James Alexander Michie: Deepening of the Venezuelan crisis | CBC News

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Venezuelan Crisis James Alexander Michie

To understand Venezuela's future, look to the bond market, not politics and protests

Author: James Alexander Michie

Venezuela is a nation that has been going through a crisis for a few years and that every day gets worse without giving any hope to its people, in fact, the future of the country looks dark.

The crisis is intensifying every time more, leaving as a consequence that millions of Venezuelans escape from it in search of a better future and stability, in the same way even though it is one of the countries with the largest oil reserves, hunger due to lack of food, thousands of deaths due to lack of medicines and lack of hygiene in hospitals and the constant power cuts of up to four hours a day in addition to crime are transformed as the protagonists of the nation, likewise inflation continues to increase to such an extent that The International Monetary Fund predicts that inflation could reach one million percent by the end of 2018.

In spite of everything that continues happening in Venezuela and in the same way it continues intensifying, there are no longer protests like last year where thousands of people took to the streets to express their discontent and that consequently they were attacked by the military forces and police forces in the country, we must add to this a somewhat incongruous and illogical fact and that the opposition parties of Venezuela instead of joining forces and fighting the government and all its measures, have done the opposite since the opposition is fractured to a level that had not been seen, in fact, it has weakened significantly during the last year.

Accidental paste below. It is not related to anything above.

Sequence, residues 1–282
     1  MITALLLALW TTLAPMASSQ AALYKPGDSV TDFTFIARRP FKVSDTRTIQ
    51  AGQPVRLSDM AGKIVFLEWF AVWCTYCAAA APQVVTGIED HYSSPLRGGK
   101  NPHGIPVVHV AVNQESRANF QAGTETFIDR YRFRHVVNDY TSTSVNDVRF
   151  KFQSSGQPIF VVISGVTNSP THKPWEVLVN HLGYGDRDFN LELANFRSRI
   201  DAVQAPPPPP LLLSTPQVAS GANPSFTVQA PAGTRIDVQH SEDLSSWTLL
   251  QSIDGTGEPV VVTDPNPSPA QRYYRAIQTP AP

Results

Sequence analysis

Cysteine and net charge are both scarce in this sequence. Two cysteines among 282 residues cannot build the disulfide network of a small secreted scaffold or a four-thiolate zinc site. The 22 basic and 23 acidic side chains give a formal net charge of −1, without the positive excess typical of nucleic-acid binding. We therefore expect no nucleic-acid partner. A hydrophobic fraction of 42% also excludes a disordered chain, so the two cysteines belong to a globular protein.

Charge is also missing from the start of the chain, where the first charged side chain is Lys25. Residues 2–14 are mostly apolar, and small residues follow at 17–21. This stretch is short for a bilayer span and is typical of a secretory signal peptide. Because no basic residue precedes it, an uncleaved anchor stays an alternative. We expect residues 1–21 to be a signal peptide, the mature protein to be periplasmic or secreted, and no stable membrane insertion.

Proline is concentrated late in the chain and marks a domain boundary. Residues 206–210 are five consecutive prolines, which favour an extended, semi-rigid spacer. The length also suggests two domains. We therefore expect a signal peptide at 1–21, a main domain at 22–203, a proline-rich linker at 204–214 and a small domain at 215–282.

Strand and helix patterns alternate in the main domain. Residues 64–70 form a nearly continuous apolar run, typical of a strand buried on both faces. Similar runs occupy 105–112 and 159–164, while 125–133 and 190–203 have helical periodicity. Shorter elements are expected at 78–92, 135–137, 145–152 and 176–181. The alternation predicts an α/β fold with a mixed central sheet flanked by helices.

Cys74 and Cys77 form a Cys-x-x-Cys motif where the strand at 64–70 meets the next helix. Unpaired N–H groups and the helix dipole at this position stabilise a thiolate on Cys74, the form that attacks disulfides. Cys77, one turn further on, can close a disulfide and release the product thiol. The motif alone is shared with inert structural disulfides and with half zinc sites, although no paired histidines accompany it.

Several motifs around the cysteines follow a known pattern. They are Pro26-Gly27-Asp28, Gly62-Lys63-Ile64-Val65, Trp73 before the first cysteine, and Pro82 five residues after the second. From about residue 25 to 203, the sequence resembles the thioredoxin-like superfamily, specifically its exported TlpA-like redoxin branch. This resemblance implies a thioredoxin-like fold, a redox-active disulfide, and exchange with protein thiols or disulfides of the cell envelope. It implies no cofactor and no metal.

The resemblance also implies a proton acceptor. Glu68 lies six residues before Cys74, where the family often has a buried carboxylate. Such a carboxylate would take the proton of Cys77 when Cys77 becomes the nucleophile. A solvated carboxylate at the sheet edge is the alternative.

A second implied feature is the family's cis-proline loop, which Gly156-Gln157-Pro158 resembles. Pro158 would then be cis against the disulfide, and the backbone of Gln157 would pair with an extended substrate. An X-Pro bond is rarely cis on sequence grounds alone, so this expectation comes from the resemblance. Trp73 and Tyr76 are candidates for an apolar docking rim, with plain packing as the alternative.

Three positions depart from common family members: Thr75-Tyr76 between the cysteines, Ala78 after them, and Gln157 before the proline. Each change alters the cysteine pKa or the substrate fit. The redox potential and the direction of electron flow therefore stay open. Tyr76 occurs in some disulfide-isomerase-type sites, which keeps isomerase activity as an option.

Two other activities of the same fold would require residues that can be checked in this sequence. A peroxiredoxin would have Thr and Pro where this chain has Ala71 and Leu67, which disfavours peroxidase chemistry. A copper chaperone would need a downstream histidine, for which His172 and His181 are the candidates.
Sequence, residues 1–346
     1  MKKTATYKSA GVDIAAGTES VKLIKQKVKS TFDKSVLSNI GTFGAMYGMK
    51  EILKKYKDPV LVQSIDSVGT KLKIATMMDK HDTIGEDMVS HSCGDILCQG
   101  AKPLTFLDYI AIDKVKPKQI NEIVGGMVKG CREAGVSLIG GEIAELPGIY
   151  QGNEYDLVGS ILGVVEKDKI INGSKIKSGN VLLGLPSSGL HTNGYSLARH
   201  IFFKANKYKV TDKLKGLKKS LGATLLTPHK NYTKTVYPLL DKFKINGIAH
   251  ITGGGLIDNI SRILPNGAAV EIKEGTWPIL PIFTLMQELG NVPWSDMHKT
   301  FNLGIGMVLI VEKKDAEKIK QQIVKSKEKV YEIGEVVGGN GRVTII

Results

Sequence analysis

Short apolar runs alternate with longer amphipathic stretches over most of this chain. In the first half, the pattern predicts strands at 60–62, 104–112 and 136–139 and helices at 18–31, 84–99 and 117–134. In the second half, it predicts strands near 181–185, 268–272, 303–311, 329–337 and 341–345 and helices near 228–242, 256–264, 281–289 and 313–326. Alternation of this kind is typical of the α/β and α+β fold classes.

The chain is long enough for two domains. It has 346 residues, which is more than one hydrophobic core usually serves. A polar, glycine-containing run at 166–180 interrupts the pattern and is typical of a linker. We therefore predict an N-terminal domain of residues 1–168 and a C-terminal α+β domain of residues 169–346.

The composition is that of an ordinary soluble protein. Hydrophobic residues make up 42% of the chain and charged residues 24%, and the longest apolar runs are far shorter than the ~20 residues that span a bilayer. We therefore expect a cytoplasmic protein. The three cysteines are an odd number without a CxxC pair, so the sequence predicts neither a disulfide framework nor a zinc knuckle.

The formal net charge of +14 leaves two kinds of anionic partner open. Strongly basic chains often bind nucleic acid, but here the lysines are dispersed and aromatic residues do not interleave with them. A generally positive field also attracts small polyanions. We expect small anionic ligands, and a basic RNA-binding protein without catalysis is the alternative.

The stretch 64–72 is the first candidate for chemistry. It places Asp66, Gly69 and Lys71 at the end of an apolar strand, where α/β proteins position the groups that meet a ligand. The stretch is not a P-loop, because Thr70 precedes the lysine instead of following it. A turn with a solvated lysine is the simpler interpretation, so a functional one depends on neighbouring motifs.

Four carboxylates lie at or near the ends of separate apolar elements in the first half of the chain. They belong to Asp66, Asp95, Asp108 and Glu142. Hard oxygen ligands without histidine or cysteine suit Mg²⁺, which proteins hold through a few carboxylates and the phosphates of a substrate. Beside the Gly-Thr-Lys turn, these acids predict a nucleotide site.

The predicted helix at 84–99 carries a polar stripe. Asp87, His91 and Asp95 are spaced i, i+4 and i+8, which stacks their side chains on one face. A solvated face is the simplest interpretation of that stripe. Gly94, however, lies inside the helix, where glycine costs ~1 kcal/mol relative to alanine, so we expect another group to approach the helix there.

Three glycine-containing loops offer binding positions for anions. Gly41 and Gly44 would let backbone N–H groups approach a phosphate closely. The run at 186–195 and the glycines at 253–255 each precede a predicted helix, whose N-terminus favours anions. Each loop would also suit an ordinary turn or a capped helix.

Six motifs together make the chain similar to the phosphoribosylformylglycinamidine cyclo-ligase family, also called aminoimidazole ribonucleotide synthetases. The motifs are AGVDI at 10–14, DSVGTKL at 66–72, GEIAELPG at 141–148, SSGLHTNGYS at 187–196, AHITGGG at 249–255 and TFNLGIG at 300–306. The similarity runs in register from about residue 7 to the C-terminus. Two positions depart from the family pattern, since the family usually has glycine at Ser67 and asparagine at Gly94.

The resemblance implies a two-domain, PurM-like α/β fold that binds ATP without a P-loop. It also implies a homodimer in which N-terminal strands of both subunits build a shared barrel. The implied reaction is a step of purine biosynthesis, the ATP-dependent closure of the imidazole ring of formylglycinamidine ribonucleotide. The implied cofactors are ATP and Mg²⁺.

According to Raúl Gallegos, who is an associate director of Control Risks, which is a security analysis firm based in Bogota, he has said that it is very unlikely that a political change will take place in the next 18 months, since the party led by Nicolas Maduro reinforces its control for the nation’s economy.

The Venezuelan government, in its attempt to combat what they have called an “economic war” that they blame for all the problems they are facing, likewise assures that they will pay all the existing debts, despite this, analysts believe that the measures The government’s economic benefits will not be sufficient and will not work, while similarly, they provide for the creditors to initiate additional legal action on the outstanding debt.

What is now a fact is that the courts of the United States and the Caribbean allow companies to owe money from the indebted state of Venezuela to seize oil abroad and speaking of debts it is necessary to speak with figures and it is that Venezuela must $ 65 billion in outstanding bonds, according to Caracas Capital, a financial advisory firm based in the capital of the country. This, of course, is not the only debt, in fact, it adds to other debts owed by the government and state companies: an estimated total of approximately $ 150 billion dollars.

Take a read: https://www.cbc.ca/news/world/venezuela-oil-debt-refugees-bonds-maduro-1.4807633

Source: Chris Arsenault | CBC News

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